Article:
Car reviews - Audi - A4 - range
1.8T quattro sedan
2.0 Multitronic sedan
2.0 TDI sedan
2.0 TDIe sedan
2.0 TFSI Quattro Sport
2.0 TFSI range
3.0 TDI quattro sedan
Allroad 2.0 TFSI Quattro
Avant 2.0 TFSI 5-dr wagon
Avant 2.0 TFSI Quattro Sport
Avant 5-dr wagon range
RS4 5-dr wagon
S Line Avant 5-dr wagon
Improved value, excellent entry petrol engines, quattro road grip, quality cabins, fuel efficiency of all engines, S tronic transmission, S4 Avant styling
Room for improvement
Minute styling changes don’t reflect mechanical refinements, CVT still flawed, electric steering too light around town, expensive extras
28 Jun 2012
APPROACHING the new A4, you would be forgiven for assuming that the upgraded model brought very little new to the table. But looks can be deceiving.
Under the (still contemporary) body sits a more frugal and potent engine range that Audi is depending on to wrest sales from its traditional foes – the segment-leading Benz C-Class and BMW’s popular new 3 Series.
The range is as broad as ever – sedan or wagon, diesel or petrol, front-wheel-drive or quattro, manual, CVT or dual-clutch automatic – but there are some commonalities.
Interior changes are subtle, but Audi didn’t need to do anything more because they remain the best in the business. From the $52,700 entry model to the $123,900 S4 Avant, the cabins are chic, logical and built with a Teutonic precision and eye for detail.
A simplified navigation system (standard on all variants except the base petrol and diesel, where it costs a frightening $3450), sportier leather steering wheels and greater use of chrome inserts do enough to keep things fresh.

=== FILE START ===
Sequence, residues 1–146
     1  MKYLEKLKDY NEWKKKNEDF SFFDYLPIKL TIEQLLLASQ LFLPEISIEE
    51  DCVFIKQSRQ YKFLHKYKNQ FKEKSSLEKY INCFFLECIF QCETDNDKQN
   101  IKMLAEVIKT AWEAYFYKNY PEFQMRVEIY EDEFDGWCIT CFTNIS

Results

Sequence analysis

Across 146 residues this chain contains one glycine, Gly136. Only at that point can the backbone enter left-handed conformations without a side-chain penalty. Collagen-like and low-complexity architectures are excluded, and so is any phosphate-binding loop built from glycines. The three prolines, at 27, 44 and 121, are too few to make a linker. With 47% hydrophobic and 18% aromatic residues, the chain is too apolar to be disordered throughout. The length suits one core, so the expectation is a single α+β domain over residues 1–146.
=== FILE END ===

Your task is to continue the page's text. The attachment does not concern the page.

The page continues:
The exorbitant cost of the sat-nav is indicative of the rest of the vast options list, although one box we would tick is the Assistance package, which for $900 ($1900 on base models) adds Lane Assist, Adaptive Cruise Control and front/rear parking sensors.
The lane-assist system in the A4 is better than most, providing subtle counter-steer if its detects movement outside the lines (it only works on well-lined and sealed roads like freeways), while the adaptive radar cruise has programmable distance control, brakes autonomously and returns to a set cruising speed once road congestion or obstacles clear.
Up front, the A4 is roomy and the driving position comfortable, but things are tighter in the rear seats for anyone above 180cm (6ft in the old vernacular), though it’s about standard for this segment.
Boot space in the sedan is almost as large as the load-lugging wagon, at least until the rear seats are folded.
All A4s are now fitted with an electro-mechanical steering system that cuts fuel use by a claimed 0.3 litres per 100km. While the improvements to economy are commendable, the steering is still no match for a BMW, being too light at lower speeds around town for our liking.
At higher speed things are better, with more weight and artificial feedback dialled in, while levels of grip from the front-drive and particularly the surefooted quattro drivetrains proved confidence-inspiring on twisting and occasionally damp Tasmanian roads, sitting flat on the road.
The suspension is pliant, especially on entry variants, but even the performance-oriented S4 never feels needlessly firm.
Road noise is also subdued, especially on 17-inch wheels, although the Avant is a victim of its own boxiness, with noticeable wind boom at freeway speeds.
In terms of powertrains, the entry-level 1.8 TFSI is among the most improved. Power of 125kW still trails the C-Class and 3 Series, but a huge jump in torque gives it mid-range punch and tractability almost on a par with a small diesel engine. The fact that Audi has squeezed 320Nm (up 70Nm) from a 1.8-litre petrol engine is startling, and puts it well above its fellow Germans.
We didn’t get to sample the six-speed manual, but found the CVT (fitted for fuel savings) to be better than most, though typically subdued off-the-line.